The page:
E&C Republican Leaders Push EPA to Be Accountable for the Superfund Program
Washington, D.C. — Energy and Commerce Committee Republican Leader Cathy McMorris Rodgers (R-WA) and Environment and Climate Change Subcommittee Republican Leader David B. McKinley (R-WV) are pressing Environmental Protection Agency (EPA) Administrator Michael Regan to be accountable with the vast amount of money it has been allotted to address Superfund sites and its implementation of the program.
After the EPA received $3.5 billion from Congress for Superfund sites, the EPA is requesting in President Biden’s proposed budget an additional $454.6 million annually for long-term remedial actions. The members want to know from Administrator Regan how these funds, in addition to the billions of dollars at EPA’s disposal for Superfund projects, are being used and how the agency will ensure the disbursements are transparent.
Americans expect the EPA to use its funds responsibly and for the EPA to actually clean up these cites, not just squander the money irresponsibly. The members point out how during the Trump administration, the EPA operated in a far more efficient manner.
LETTER EXCERPT: “The most important goal of [Superfund] program is to clean up sites so that they can be deleted from the National Priorities List (NPL) and placed back into productive use. Merely completing construction at a site does not mean a cleanup is done and people can reuse that land.
“Regrettably, there is a history of CERCLA resources being wasted on transaction costs instead of actual cleanup. Reports indicate that less than half of these funds have gone to actual cleanup (or ‘moving dirt’) and that cleanups take between one and two decades to complete. Progress at EPA de-listing CERCLA sites bottomed out in fiscal year 2016 with EPA focused on other policy goals and less than 5 sites were removed.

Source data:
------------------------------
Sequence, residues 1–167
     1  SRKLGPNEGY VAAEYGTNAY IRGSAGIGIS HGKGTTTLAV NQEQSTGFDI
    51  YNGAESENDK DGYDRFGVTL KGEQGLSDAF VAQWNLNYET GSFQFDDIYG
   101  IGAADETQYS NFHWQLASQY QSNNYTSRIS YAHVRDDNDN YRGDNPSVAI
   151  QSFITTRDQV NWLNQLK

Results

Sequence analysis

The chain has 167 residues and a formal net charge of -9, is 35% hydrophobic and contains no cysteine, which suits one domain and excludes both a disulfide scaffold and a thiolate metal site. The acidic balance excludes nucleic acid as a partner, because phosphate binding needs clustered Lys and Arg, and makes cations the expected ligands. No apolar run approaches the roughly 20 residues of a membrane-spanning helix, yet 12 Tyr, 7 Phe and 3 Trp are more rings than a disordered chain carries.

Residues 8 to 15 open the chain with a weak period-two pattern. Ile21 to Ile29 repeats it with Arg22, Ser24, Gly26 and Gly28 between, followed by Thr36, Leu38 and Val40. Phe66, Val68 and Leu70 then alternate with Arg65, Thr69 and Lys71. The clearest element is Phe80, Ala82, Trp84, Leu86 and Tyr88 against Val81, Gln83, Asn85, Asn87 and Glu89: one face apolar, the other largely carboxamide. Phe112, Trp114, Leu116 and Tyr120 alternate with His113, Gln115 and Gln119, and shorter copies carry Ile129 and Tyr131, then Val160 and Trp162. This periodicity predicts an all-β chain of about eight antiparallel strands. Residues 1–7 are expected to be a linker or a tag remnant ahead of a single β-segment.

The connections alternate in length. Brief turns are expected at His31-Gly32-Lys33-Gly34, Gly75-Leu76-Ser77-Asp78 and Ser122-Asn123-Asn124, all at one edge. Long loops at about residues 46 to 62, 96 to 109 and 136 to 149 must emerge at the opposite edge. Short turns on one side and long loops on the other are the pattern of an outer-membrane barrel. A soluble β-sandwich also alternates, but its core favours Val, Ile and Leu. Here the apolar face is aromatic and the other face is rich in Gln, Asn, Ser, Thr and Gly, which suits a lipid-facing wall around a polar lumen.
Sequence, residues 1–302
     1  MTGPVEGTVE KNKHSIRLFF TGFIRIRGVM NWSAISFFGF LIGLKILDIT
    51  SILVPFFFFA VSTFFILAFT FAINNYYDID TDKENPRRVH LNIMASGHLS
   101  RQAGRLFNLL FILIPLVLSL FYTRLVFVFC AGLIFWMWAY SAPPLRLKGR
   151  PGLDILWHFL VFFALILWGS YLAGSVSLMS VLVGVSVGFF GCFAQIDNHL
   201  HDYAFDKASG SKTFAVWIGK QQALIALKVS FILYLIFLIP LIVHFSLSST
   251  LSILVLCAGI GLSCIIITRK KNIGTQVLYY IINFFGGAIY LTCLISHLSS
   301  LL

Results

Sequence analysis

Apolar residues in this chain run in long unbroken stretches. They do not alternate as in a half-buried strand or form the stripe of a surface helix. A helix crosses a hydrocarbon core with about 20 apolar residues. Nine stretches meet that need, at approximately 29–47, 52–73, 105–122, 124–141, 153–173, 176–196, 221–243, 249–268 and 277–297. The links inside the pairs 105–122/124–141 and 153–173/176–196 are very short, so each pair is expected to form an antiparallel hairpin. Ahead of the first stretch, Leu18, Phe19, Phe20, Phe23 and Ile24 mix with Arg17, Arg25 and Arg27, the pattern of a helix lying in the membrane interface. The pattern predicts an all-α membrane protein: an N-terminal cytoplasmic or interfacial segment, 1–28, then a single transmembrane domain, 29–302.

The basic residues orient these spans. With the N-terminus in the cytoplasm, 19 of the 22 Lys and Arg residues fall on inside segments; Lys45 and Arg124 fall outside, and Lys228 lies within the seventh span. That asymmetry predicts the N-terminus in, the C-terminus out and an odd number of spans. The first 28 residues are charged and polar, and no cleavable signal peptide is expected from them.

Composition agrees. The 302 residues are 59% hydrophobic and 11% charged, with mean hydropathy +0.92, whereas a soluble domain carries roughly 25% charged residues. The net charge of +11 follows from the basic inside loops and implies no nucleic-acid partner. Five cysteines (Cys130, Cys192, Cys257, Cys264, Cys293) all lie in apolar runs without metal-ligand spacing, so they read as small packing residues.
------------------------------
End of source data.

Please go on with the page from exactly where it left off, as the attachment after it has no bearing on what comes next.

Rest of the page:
“In fiscal years 2017 through 2020, however, EPA recommitted to CERCLA cleanups and fully or partially delisted 82 sites – matching the total of the preceding eight years. The Agency also deleted all or part of 27 NPL sites, the largest number of deletions in a single year in twenty years. In addition, EPA employees initiated a process to streamline internal barriers to site deletions, resulting in a consolidated rulemaking process that will reduce workloads, shorten process lead times, and lower program costs. We do not want to return to past inefficiencies, and we want to ensure that the EPA’s allocation and use of federal resources will keep cleanups moving forward.”
As part of their inquiry, the members want Administrator Regan to answer certain questions about the EPA’s Superfund operations by June 24, 2022.
- Why is the Biden administration asking for additional appropriations in the budget in light of the very substantial funding provided by the IIJA, including the Superfund tax receipts, which are not subject to appropriation?
- What are the EPA’s plans for the expenditure of the $3.5 billion from the IIJA?
- What are EPA’s plans for the receipts from the Superfund tax?
- What is EPA doing to optimize the spending of funds from the Superfund Special Accounts?
- What percentage of the annual Superfund expenditures from annual appropriations is actually planned to be spent on Superfund field work? Of that amount, how much is meant for actual remedial and removal activities?
- Please identify on which sites EPA intends to spend IIJA funding for “dirt-moving” remediation or removal and those sites addressed through the requested, appropriated dollars. Of these, how many will be delisted?
- Why does the proposed budget request seek $33 million less for Emergency Response and Removal – actual emergency cleanup – than in FY 2021?
CLICK HERE to read the full letter to Administrator Regan.